3. [of hill] → collado m
B. VT
1. (also saddle up) [+ horse] → ensillar
2. (= lumber) to saddle sb with sthcargar a algn con algo
now we're saddled with itahora tenemos que cargar con ello
to get saddled with sthtener que cargar con algo
to saddle o.s. with sthcargar con algo

saddle

[ˈsædəl]
n [horse] → selle f
to be in the saddle (lit) (= riding a horse) → être en selle (fig) (= in control) → être aux commandes
vt
[+ horse] → seller
to be saddled with sth (= landed with) → avoir qch sur les bras

saddle

n (also of hill) → Sattel m; (of meat)Rücken m; to be in the saddle (lit)im Sattel sein; (fig)im Sattel sitzen
vt
horsesatteln
(inf) to saddle somebody/oneself with somebody/somethingjdm/sich jdn/etw aufhalsen (inf); to saddle somebody/oneself with responsibilitiesjdm/sich Verantwortung aufbürden; to saddle somebody/oneself with doubtsjdn/sich mit Zweifeln belasten; to be/have been saddled with somebody/somethingjdn/etw auf dem Hals or am Hals haben (inf); how did I get saddled with him?wie kommt es (nur), dass ich ihn am Hals habe?

saddle

:
saddle-backed
adj hillsattelförmig; pig, gullmit sattelförmiger Markierung am Rücken
saddlebag
nSatteltasche f
saddlecloth
nSatteldecke f
saddle horse
nReitpferd nt

saddle

:
saddle shoes
pl (US) Sportschuhe aus hellem Leder mit andersfarbigen Einsatz
saddle soap
n Seife für die Behandlung von Sätteln
saddle sore
saddle-sore
adj personwund geritten; to get saddlesich wund reiten

saddle

[ˈsædl]
1. n (of horse, also) (Culin) → sella; (of bicycle) → sellino, sella
in the saddle → in sella
when he was in the saddle (fig) → quando aveva le redini (del potere)
saddle of lamb → sella d'agnello
2. vt (horse) (also saddle up) → sellare
to saddle sb with sth (fam) (task, bill, name) → appioppare qc a qn (responsibility) → accollare qc a qn
I got saddled with him again → me lo sono dovuto sorbire di nuovo

saddle

(ˈsӕdl) noun
a seat for a rider. The bicycle saddle is too high.
verb
(negative unsaddle) to put a saddle on. He saddled his horse and rode away.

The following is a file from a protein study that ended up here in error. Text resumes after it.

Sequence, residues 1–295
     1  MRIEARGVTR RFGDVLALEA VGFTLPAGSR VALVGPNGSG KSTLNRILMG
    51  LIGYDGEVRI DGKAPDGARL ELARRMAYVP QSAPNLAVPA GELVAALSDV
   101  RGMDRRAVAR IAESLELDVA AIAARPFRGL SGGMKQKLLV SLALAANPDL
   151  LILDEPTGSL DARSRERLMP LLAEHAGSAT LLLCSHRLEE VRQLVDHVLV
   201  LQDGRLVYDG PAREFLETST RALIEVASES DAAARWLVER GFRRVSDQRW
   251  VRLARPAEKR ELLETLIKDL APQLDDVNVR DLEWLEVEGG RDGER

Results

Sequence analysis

saddle

سَرْج sedlo sadel Sattel σέλα silla de montar satula selle sedlo sella サドル 안장 zadel sal siodło sela седло sadel อาน semer yên 马鞍
References in classic literature ?
Out in our garden is an apple tree that has a nice low branch, so Jo put the saddle on it, fixed some reins on the part that turns up, and we bounce away on Ellen Tree whenever we like.
It is no use to try to get back to camp to- night," said Tom, when the last of the pack and saddle animals had been corralled.
Then Ma'ame Pelagie rose with stately deliberation and went to saddle her horse, for she had yet to make her last daily round through the fields; and Mam'selle Pauline threaded her way slowly among the tangled grasses toward the cabin.
The simple admirer of the war-horse instantly fell back to a low, gaunt, switch-tailed mare, that was unconsciously gleaning the faded herbage of the camp nigh by; where, leaning with one elbow on the blanket that concealed an apology for a saddle, he became a spectator of the departure, while a foal was quietly making its morning repast, on the opposite side of the same animal.
Jessie, who had probably already learned from her sister the purport of Dick's confidences, had received him with equal cordiality and perhaps a more unqualified amusement; and now, when fairly lifted into the saddle by his tremulous but respectful hands, made a very charming picture of youthful and rosy satisfaction.
As yet the panic of the steed had given his unskilful rider an apparent advantage in the chase, but just as he had got half way through the hollow, the girths of the saddle gave way, and he felt it slipping from under him.
For now, since by many prolonged, repeated experiences, I have perceived that in all cases man must eventually lower, or at least shift, his conceit of attainable felicity; not placing it anywhere in the intellect or the fancy; but in the wife, the heart, the bed, the table, the saddle, the fire-side, the country; now that I have perceived all this, I am ready to squeeze case eternally.
It means to teach a horse to wear a saddle and bridle, and to carry on his back a man, woman or child; to go just the way they wish, and to go quietly.
On pretence of adjusting the saddle, he adroitly slipped under it the sharp little nut, in such a manner that the least weight brought upon the saddle would annoy the nervous sensibilities of the animal, without leaving any perceptible graze or wound.
Then Sir Agwisance the King of Ireland encountered with Sir Gareth, and there Sir Gareth smote him from his horse, saddle and all.
I have spent my life under his saddle - with him in it, too, and he is good for two hundred pounds, without his clothes; and there is no telling how much he does weigh when he is out on the war-path and has his batteries belted on.
On the 9th of April he sold the saddle--said he wasn't going to risk HIS life with any perishable saddle-girth that ever was made, over a rainy, miry April road, while he could ride bareback and know and feel he was safe--always HAD despised to ride on a saddle, anyway.